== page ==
Lt. Miller's Vimy Oak
 Lt. Miller survived the war and returned to Scarborough Ontario, where he worked his farm which he aptly named “Vimy Oaks Farm”.  Here enters Monty McDonald (a man I am so grateful for as he has enabled my project to come alive).  As a young man Monty worked with Leslie Miller and the two mean formed a deep lifelong friendship.  In 1979 Lt. Leslie Miller passed away and to this day Monty has continued to care for the Vimy Oaks, which now are part of the wood lot at Scarborough Chinese Baptist Church.  Over the last few years Monty has been determined to ensure the legacy of these Vimy Oaks live on.  In order to do this Monty has become fundamental part of the Vimy Oak Foundation which collaborates with the Vimy Foundation (Check out this website for more info  http://www.vimyfoundation.ca/vimy-100/vimy-oaks/).  Together they are painstakingly taking one hundred saplings from the Vimy Oaks in Scarborough and planting a Centennial Park at Vimy Ridge.  The purpose of their project is to help preserve the legacy of Canada in World War One.  It’s a breathtaking and fitting living memorial with such a powerful story behind it.  (It is important to note there are many people involved in the Centennial Park/Vimy Oak project and I hope I can capture who they are at some point ).

Vimy Oak Saplings
Once I learned about the story of the Vimy Oaks I instantly knew that I had to try everything I could to get some of this wood for the flute to be made from.  The stories of Vimy and the personal connection to those soldiers lives in this Oak wood.  To make a flute from this wood and play the song amazing grace at Vimy Ridge is a humbling dream which will connect the past with present in a 100 year circle.  It is my hope that because this wood is so connected to Vimy, when it is played the song may reverberate from the Vimy Oak wood and reach out to all those who sacrificed so much and let them know we thank them, we honor them, and we remember them.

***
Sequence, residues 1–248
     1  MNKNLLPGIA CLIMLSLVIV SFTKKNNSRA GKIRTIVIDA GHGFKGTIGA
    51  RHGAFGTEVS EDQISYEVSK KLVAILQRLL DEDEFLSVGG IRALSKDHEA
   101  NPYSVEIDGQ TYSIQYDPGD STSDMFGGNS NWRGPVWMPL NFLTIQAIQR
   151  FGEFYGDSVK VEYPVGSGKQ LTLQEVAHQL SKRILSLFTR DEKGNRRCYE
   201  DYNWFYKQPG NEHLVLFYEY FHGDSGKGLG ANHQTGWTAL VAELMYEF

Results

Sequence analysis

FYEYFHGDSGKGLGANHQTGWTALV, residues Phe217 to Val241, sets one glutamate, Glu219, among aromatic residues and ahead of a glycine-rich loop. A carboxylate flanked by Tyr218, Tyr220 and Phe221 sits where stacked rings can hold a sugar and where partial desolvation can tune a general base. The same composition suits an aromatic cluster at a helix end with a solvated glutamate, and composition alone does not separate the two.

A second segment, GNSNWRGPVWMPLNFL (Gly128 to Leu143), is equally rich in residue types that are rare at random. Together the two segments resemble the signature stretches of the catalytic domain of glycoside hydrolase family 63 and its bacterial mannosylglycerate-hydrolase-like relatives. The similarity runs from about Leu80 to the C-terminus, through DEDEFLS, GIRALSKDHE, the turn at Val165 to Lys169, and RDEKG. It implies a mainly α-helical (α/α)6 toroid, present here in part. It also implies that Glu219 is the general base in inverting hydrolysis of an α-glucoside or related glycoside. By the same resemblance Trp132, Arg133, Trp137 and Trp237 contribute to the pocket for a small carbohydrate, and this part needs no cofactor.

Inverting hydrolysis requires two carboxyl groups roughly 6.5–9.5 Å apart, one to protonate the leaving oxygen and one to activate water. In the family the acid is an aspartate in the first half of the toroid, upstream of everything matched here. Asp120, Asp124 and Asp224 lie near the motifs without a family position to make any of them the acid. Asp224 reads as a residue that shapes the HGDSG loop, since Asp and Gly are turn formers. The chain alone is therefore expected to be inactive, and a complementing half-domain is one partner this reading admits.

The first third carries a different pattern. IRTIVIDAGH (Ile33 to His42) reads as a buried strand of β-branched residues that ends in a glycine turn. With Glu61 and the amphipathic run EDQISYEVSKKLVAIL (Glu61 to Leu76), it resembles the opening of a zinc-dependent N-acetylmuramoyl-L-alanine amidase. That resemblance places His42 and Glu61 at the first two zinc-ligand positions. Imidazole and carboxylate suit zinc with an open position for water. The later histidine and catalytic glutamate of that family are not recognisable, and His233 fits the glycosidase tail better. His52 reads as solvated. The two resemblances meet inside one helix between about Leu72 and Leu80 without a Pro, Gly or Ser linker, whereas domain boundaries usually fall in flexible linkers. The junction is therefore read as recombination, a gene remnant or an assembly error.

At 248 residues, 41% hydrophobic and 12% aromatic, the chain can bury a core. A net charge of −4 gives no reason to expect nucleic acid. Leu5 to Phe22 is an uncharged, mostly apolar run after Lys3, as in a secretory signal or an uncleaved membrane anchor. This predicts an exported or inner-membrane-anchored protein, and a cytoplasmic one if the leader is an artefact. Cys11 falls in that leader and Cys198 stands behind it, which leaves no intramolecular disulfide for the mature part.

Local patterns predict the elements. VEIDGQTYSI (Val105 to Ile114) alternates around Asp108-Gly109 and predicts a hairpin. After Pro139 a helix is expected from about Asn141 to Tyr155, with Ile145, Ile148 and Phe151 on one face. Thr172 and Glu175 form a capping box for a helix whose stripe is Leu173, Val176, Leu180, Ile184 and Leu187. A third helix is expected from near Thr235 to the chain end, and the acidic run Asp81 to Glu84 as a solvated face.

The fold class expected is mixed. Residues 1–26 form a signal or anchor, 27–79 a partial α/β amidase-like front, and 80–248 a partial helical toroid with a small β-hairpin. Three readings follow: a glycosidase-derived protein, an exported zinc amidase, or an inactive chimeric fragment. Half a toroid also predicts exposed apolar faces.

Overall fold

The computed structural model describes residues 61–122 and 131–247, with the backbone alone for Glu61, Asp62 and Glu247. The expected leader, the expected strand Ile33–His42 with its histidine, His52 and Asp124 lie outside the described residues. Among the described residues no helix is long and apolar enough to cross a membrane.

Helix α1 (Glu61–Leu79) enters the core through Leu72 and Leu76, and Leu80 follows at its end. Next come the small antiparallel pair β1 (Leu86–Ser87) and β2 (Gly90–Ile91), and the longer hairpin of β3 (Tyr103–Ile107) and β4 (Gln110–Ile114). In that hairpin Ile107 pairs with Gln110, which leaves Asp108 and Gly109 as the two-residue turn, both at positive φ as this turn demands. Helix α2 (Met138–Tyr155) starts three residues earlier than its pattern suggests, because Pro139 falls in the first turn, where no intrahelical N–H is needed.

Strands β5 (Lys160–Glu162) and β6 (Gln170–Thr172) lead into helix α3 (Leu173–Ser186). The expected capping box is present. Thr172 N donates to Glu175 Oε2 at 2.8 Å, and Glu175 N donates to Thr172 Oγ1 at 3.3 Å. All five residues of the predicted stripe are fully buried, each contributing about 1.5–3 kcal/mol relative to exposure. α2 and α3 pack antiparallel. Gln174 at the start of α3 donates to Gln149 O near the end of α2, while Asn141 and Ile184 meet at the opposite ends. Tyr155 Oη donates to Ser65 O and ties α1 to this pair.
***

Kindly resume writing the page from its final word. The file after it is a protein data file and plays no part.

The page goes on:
Wednesday, 26 October 2016

The Vimy Flute: Becoming Part of The Story

Welcome to my blog and I hope I can capture your attention as I share the process involved in the creation of a very unique flute.  Yes a flute... in fact it will be something of an artifact as it will be the only ‘Vimy Flute’ designed purposely to honor the actions and sacrifices of our Canadian soldiers in Vimy France almost 100 years ago.  It has been a vision of mine to play the song 'Amazing Grace' on the Vimy memorial.  On April 9th, 2017 at the 100th anniversary of the Battle of Vimy Ridge I will be finding my way to the monument and play this song.  What will make this flute so special is it will be made from an incredibly rare wood whose origins come from the acorn of an oak tree which was decimated during the battle of Vimy Ridge almost 100 years ago. 

By following my blog I want to invite you to become part of this great Canadian story, in fact some may call it ‘The Canadian Story’.   Our part in this story is small, however it is a very important.  Our part is to ‘actively remember’.  Active remembrance is not about simply acknowledging the past, rather it is about engaging with the past.  I’m asking you to empathise with those of long ago, to honor them, and most importantly to let the lessons they learned guide your choices here and now.  Active remembrance allows the actions of our ancestors to come full circle and for you to becoming part of the story.

Each week I will post an update about the progress of the flute as it is being constructed by my partner in this project Steven Rensink. In these updates I will also share the stories of how the flute came to be and the history of Vimy Ridge. I will also highlight the efforts of all of the people working to ensure the memory of Vimy is preserved now and for future generations.  Please stay connected and because we are still designing the flute we invite you to add comments or ideas into the design of the flute. 

This Picture is early brain storming sketch  of what the flute could look like.  Please note that we are planning on making it into a drone flute which means it will have a second flute attached that will play one constant note.  Drones are kind of like a bagpipe.